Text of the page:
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Talent Management Agency Model Francis Shares His Experience
Talent Management agency really values it’s feedback and in the case of male model Francis, even more than usual.
By: Talent Management
“After a small hiatus of just forty (yes, folks – FOUR OH!) years it was good to be back in the modelling saddle again on Tuesday. I had just about given up hope of getting a job as I signed up with TM ages ago, but everything comes…as they say.
“Although the assignment was about 150 miles from where I live, as luck would have it, it was near my sister’s, so I was able to stay with her the night before. With only a little Satnav guidance I found the venue easily enough, and was glad to arrive bang on time – at what turned out to the (rather beautiful) home of the photographer, Andrew, who had a studio set-up in his basement.
“To say I was nervous would be an exaggeration, but stepping into an unknown situation and meeting new people always feels a mite tricky. However, Colin and Rachel, from the marketing company, made their friendly introductions and put names to faces and explained who was who and what the job entailed. Before this, I only knew I was to be ‘a doctor’ and their would be a female ‘patient’, but that was about all. To amuse the others, I brought along a photo of a shoot I’d done back in 1971 when I’d last posed as a doctor – a very junior and more hairy one than now.
“My ‘patient’ turned out to be Jenny, who was expecting her A level results this week, so was very much in the grand-daughter category in relation to my advanced age. This was her first ever job, so I felt doubly the old soldier, and determined to try and help to make her feel at ease. He mum was with her, reading Jane Austen to pass the hours of waiting.
“The product turned out to a new range of asthma inhalers, and we were to pose for shots to be used in the promotional material in the Europe-wide launch due later this year. One can’t help but be a little impressed that one’s image is going to distributed around so widely – but our heads were soon brought back to earth when we saw that the product was going to be very much in the foreground of the shots and our images would appear, very blurrily in the background! Still, no matter, a job’s a job and we’re not doing this for our own self-aggrandisement. At least we felt that this product might improve the lot of many thousands of asthma-sufferers – my youngest son among them.
“Jenny and I were perched on a couple of bar-stools in front of a mock-up of a typical GP desk, and instructed NOT to bump into the scenery, which was very precariously erect! (I nearly blotted my copy-book a little while into the session, when I put a hand on the bench to shift my position on the stool, and the whole lot wobbled as in an earthquake, nearly giving the photographer a heart-attack!)
“So, the shoot started, with Jenny and I being asked to move a hair up or down or to one side or the other, and we worked through the six different products in the range. This took a painstaking few hours, with a break for coffee, and later, lunch. (Incidentally, despite being advised to bring our own tucker, we found that this was kindly provided by the client.)
“Really, one has to become like one of Nick Park’s little plasticine models of Wallace or Grommit, and surrender one’s mind and body to be manipulated as the photographer and director want. I think a model needs to go very much with their flow and listen very carefully to instructions and not make any suggestions of their own unless the moment is exactly right. This might imply that there is minimal scope for creativity as a model – that one is like paint or brushes to an artist, and this is largely true, especially if one is new to the game. One also has to be prepared to be thick-skinned if one picks up comments when the shots are being picked over to select the best…one can sense if one’s efforts are being appreciated and most photographers and directors are good at encouraging and acknowledging - one usually knows if they’re happy with one’s modelling.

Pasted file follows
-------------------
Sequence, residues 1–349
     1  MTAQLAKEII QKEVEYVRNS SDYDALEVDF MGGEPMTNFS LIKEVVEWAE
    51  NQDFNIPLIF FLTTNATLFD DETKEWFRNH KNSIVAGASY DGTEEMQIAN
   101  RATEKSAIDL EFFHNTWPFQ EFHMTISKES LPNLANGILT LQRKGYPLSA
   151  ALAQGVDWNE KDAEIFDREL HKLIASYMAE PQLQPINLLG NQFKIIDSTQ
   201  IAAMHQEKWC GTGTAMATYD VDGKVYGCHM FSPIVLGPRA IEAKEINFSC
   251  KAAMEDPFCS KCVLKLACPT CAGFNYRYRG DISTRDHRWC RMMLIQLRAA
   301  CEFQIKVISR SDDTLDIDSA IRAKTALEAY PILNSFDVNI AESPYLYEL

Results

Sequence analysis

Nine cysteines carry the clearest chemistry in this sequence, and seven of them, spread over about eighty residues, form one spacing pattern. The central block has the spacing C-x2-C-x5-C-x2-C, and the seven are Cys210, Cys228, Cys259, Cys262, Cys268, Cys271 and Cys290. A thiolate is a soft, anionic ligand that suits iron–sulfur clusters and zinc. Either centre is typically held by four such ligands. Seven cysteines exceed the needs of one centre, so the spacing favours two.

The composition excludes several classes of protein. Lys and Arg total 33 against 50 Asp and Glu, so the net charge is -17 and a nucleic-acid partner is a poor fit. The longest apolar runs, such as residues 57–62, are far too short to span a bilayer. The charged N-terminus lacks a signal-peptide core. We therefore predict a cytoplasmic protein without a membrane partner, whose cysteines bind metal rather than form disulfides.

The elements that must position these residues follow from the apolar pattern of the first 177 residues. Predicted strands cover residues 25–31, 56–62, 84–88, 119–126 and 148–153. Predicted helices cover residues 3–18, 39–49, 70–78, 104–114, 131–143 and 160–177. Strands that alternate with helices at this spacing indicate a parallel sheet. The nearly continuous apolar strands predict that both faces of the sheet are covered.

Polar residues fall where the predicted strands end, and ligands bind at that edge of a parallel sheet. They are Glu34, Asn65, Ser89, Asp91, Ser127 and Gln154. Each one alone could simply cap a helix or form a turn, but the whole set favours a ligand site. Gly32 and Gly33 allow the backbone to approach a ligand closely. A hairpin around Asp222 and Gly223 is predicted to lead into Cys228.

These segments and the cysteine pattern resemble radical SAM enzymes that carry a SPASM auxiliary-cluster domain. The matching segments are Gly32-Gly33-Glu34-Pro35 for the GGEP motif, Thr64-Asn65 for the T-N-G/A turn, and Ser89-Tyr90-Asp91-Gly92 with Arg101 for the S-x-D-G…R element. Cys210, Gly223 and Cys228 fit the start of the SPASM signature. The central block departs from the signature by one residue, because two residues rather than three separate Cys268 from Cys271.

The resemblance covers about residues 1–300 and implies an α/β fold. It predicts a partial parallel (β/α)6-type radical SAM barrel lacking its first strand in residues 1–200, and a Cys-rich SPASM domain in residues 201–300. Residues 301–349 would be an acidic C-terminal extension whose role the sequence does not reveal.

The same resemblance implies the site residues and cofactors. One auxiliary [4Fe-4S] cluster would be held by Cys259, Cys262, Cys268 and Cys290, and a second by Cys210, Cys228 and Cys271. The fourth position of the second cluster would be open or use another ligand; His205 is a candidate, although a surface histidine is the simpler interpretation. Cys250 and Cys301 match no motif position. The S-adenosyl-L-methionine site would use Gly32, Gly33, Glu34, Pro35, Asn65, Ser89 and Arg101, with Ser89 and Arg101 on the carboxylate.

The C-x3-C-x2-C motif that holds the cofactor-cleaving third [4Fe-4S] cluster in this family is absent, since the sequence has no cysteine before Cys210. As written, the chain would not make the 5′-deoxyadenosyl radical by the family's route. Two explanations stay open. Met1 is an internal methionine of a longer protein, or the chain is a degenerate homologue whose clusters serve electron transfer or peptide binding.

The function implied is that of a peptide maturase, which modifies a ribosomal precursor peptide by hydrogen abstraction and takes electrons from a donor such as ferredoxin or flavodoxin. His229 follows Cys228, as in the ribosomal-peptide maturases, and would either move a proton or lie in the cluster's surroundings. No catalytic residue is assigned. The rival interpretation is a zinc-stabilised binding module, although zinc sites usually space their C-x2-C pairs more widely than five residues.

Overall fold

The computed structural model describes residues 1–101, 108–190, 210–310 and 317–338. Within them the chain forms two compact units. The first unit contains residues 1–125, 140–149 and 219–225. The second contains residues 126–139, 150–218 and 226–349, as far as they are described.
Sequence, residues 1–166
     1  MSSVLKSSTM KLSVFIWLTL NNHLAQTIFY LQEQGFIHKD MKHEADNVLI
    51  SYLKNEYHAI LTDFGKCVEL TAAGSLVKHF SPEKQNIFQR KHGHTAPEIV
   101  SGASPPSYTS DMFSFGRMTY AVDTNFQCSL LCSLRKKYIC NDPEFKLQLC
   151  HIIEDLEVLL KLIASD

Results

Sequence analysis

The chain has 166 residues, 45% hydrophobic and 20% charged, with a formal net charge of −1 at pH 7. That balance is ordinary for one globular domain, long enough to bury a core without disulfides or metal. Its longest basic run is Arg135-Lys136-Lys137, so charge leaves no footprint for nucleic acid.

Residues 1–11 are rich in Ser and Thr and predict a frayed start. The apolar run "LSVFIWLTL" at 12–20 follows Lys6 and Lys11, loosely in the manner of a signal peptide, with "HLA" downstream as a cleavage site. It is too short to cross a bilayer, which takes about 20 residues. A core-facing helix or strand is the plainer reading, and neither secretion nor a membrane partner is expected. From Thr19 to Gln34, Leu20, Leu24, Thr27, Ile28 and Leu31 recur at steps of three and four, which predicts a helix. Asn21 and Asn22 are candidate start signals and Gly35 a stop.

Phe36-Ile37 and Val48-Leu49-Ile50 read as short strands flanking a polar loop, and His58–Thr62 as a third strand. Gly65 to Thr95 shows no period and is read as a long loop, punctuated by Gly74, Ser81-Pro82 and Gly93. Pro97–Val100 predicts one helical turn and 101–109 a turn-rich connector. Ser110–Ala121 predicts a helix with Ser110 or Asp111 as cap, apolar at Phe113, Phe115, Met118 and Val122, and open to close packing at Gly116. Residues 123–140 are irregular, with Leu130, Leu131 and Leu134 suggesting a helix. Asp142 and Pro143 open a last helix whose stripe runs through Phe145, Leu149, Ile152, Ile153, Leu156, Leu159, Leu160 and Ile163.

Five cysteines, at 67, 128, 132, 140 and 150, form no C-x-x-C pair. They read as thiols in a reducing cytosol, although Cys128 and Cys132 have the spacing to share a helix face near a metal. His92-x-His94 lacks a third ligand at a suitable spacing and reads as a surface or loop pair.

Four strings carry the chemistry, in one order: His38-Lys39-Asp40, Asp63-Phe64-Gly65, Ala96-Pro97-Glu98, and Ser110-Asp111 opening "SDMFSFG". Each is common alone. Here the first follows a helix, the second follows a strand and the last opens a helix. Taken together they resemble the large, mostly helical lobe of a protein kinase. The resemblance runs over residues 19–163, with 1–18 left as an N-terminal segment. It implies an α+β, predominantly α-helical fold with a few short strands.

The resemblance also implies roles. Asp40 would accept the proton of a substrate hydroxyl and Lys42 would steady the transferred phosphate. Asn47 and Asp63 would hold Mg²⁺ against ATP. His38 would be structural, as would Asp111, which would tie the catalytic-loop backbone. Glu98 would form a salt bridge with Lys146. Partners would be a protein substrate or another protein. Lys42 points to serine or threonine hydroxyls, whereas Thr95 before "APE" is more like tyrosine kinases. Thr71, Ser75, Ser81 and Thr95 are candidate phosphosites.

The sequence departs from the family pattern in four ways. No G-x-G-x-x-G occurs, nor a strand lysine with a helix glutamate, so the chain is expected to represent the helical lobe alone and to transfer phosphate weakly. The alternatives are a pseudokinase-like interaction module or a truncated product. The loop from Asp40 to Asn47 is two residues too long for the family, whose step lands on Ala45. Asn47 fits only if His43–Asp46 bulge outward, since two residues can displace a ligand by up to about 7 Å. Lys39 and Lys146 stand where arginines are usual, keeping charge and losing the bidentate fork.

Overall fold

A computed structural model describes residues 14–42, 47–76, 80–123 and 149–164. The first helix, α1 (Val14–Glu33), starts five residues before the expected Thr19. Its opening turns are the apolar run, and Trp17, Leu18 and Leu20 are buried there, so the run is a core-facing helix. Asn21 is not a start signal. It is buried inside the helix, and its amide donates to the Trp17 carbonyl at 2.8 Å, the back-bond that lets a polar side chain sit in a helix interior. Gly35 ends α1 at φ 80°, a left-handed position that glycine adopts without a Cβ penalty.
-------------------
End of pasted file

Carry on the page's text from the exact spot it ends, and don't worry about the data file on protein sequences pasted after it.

“One major innovation since I last modelled is of course the use of digital photography and the opportunity it gives to assess each shot instantly on a laptop screen. However, although this may make things more immediate (and I guess more economical) it doesn’t mean that models don’t have to concentrate and give of their best. Time is still money and no technology can compensate for uninspired posing……..a word which in itself is more often the butt of humour, but which anybody involved in the business knows is the very essence of the exercise.
“At one point, when Jenny was flagging a bit, I whispered to her “This is the easiest money you’ll ever earn” Not really true in one sense (see above) but she got the point….
“After several hours, our task completed to the satisfaction of Andrew, Colin and Rachel, we all went our separate ways, possibly never to meet again. But, as anybody who has been involved in any kind of creative endeavour knows, one feels an instant sense of camaraderie in these situations, and a little sense of loss when it’s time to say goodbye. In fact, because I was needed for some solo shots, I never got to say goodbye to Jenny, my fellow model - which I regretted, as I wanted to wish her success in life – with her A level results, her ambition to go to university, and of course any modelling she does in the future…but she might just read this.
“Why did I seek to revive my modelling career? Not just for the money, not just because (I confess!) I’m a natural show-off – more because it thrusts one into new and completely varied little adventures and gives one encounters that often linger long in the memory. Here’s looking forward to the next one!”
If you would like to experience modelling yourself why not apply at Talent Management’s dedicated modelling arm – Models Direct (http://www.modelsdirect.com/